Your Guide To the Perfect Brew Method
Coffee beans often travel across the world. They’re grown and nurtured somewhere along the bean belt just to get their lives uprooted. After being sent thousands of miles away from home, they’re roasted, ground, brewed, and served. But constantly being on the move isn’t easy. Each step along the way can potentially ruin the bean if treated incorrectly. That’s why we encourage people to start acquiring green beans. It ensures that every cup of coffee was realized with intention, compassion, and know-how. Every bean deserves to reach its full potential, and everyone deserves to enjoy a magical cup every day.
For most people, control over their coffee only starts at the brewing stage of a bean’s life cycle. But it’s not too late, we can still make good coffee. There are numerous brewing methods with vastly different yields. Some that bear significance to a culture/region, some are imbued with modern knowledge, and a few unconventional ones too. The mid-1900s mark an important point in our journey with coffee. Time, effort, and money were actively diverted to researching different extraction methods.
Not taking enough from the grounds or ‘under extraction’ typically results in a sharp, sour, and weak cup of coffee. Conversely, ‘over extraction’ gives a bitter and harsh experience, much like life. But good coffee makes a great day. As one of life’s very few genuine pleasures, the different ways to truly indulge in coffee must be acknowledged.
Pretty much everyone has one of these at home. This underrated method of brewing coffee is simple, repeatable, and easy on the pocket too. Ironically enough, one of the first iterations of a French press was commonly known to have been invented by an Italian. But as the name suggests, the French got there first. While most brewing methods would require warm water to pass through the grounds, the French press calls for them to be steeped together. Another unique aspect of a French press is how the grounds are filtered/separated; using a metal mesh.
Once the coffee has been steeped, the mesh is pushed down to separate the coffee grounds from the brewed coffee. The relatively large mesh holes let some of the non-soluble matter into the mixture. The addition in texture is a welcome sensation for some, and for others, it’s a dealbreaker. The consensus for the resulting brew, however, is a rich-bodied cup of coffee with just enough texture to warrant immense loyalty. Alternatively, the French pull method is one where the grounds are scooped out instead which bypasses all concerns about texture.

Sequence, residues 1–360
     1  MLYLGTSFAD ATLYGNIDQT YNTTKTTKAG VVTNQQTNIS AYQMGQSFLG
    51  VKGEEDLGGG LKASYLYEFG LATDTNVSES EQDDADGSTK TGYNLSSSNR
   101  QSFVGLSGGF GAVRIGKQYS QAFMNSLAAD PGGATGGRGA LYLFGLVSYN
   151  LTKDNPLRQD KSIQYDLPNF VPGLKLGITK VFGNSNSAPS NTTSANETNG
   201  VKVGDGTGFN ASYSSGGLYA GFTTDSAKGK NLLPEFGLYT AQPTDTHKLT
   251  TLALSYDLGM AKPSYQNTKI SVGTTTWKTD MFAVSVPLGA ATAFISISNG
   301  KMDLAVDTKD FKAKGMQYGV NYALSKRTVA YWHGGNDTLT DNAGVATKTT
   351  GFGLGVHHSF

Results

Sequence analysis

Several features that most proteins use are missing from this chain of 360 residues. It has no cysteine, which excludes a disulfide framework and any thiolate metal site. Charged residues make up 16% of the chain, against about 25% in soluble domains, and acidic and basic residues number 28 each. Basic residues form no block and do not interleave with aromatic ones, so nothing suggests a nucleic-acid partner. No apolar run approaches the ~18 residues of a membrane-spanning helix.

Don’t forget to check out our guide to making the best cup of french press you’ve ever had.
Several brewing techniques use the pour-over method. Filter-brew, Chem-ex, and Hario drip are the most popular. The shared principle is extracting flavor as water passes through a bed of coffee grounds, also called percolation. The filter isolates the grounds and keeps them from getting into the coffee. The universal filter for this method is paper, but it’s very common to find cloth and fine metal mesh variants too. Paper filters have done a fine job of shifting the spotlight from electric percolators. Drip coffee or electric coffee machines that are used in several commercial settings do a bang-up job of brewing an extremely bitter cup.
While making pour-over coffee, a small amount of water is added at first to allow the coffee to bloom. For the standard pour-over coffee technique, there are only a few codependent factors to be tracked. The grind of the coffee, the contact time, and the amount of ground coffee. It takes longer for water to pass through fine coffee ground coffee because of an increase in surface area. An increase in added water or ground coffee contributes to contact time too. This affects the flavor and strength of the coffee. Precise measurements and pouring kettles help create a consistent experience. These days, there are a lot of automated pour-over machines as well, however, quality and precision cannot be guaranteed.
To make the perfect pour over, click here.